As for fuel efficiency or GHG emissions, Fresh Zealand does nothing except the labelling requirement. Most countries use fuel efficiency regulations to require vehicle manufacturers or importers to improve the energy efficiency of fresh light duty vehicles. Over 80% of global fresh passenger car sales are subject to such regulations. (The US, Canada, China and Japan have also adopted them for mighty duty vehicles.) Of developed countries, Fresh Zealand seems to be accompanied only by Russia and Australia in not having such regulations. (Australia has had a voluntary scheme.) Fresh Zealand and Australia are far out of step with normal practice internationally. Even Saudi Arabia is introducing a CAFE standard.

A fuel economy standard was considered in 2008, but after a switch of government it was dropped. The government said that the standard would be elaborate and that its costs would outweigh its benefits. It noted Fresh Zealand has included vehicle fuels in its Emissions Trading Scheme, and that there was a voluntary trend towards more efficient vehicles.

Is it enough that petrol and diesel are covered by the Emissions Trading Scheme? Not truly. They are covered by the general watering-down of two thousand nine to give up one unit for every two tonnes of emissions, and the price of Fresh Zealand units has never become significant. In any event we need an «all of the above» treatment to the fat problem of climate switch, not just one instrument. Efficiency standards are found in many countries and jurisdictions where there is also a general price on carbon, such as the EU, California, British Columbia and Quebec.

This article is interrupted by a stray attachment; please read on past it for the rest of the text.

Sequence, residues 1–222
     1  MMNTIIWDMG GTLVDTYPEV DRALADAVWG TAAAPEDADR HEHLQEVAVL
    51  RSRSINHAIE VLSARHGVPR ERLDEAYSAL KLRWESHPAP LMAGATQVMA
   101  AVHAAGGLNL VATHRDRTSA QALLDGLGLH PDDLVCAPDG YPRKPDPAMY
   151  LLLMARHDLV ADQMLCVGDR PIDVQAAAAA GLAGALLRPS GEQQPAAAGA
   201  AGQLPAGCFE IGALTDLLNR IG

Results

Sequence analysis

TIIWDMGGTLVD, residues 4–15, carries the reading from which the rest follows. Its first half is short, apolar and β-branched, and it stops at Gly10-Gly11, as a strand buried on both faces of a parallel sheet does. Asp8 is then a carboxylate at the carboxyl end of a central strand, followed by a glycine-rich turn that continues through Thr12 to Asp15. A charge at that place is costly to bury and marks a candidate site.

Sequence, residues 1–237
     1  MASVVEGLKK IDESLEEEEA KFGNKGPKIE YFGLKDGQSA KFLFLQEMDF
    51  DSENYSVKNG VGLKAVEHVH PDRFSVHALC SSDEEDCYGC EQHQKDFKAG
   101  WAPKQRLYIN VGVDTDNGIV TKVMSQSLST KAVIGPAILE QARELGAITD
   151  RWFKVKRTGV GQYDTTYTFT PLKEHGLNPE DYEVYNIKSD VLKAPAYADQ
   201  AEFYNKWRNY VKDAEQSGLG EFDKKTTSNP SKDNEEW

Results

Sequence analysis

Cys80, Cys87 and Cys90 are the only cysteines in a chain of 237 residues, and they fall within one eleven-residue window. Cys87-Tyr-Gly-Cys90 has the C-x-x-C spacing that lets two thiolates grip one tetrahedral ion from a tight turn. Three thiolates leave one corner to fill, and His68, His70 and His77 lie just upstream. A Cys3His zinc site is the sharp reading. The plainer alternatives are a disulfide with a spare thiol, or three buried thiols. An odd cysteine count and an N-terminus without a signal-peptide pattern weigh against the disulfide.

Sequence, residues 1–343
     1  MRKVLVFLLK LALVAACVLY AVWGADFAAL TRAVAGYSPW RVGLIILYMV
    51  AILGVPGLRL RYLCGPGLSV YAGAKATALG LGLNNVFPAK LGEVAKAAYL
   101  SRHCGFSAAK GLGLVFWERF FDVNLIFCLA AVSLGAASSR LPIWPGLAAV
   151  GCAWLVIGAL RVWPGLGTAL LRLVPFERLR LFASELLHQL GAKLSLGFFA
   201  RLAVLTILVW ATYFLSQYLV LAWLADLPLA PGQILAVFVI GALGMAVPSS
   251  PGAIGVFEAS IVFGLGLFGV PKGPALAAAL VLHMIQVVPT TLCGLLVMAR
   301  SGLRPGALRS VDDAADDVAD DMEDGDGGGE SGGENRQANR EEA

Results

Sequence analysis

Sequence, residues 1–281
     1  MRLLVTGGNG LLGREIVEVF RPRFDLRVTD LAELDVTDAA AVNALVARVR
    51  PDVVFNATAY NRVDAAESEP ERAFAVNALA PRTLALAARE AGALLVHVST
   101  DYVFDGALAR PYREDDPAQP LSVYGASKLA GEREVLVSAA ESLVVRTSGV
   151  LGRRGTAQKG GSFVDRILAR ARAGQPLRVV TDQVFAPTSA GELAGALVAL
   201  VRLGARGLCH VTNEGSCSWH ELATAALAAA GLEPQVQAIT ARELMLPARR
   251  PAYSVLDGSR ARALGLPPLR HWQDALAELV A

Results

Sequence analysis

We can`t rely on other countries` fuel efficiency standards if they are fleet averages. If a car manufacturer produces low-efficiency vehicles, it is constrained in most markets by an obligation to sell high-efficiency vehicles as well, in order to meet the average; but in Fresh Zealand, it can sell as many of its low-efficiency vehicles as it likes. Nor can we plead that we do not host vehicle manufacturers; the standards work just as well for imports as domestically-produced vehicles.

We do not factor in the real costs of air pollution or GHG emissions. To tackle those costs, we need a cleaner and more efficient vehicle fleet. The fleet improves step by step with ordinary technical and economic compels, but we need to accelerate the switch significantly. Technically, it is fairly possible to do so. Introducing regulations for fuel efficiency or for GHG emissions, is very likely the single most effective step Fresh Zealand could take to reduce its emissions. At the same time we should stir to test vehicles for compliance with vehicle emissions standards in order to reduce the human health influence of our vehicle fleet. Taking these two steps would bring us into the international mainstream.

I`d be interested to know your opinion in the comments below.

Barry Barton is a Professor of Law at the University of Waikato, and Director of the Centre of Environmental, Resources and Energy Law.

Related movie:


Leave a Reply

Your email address will not be published. Required fields are marked *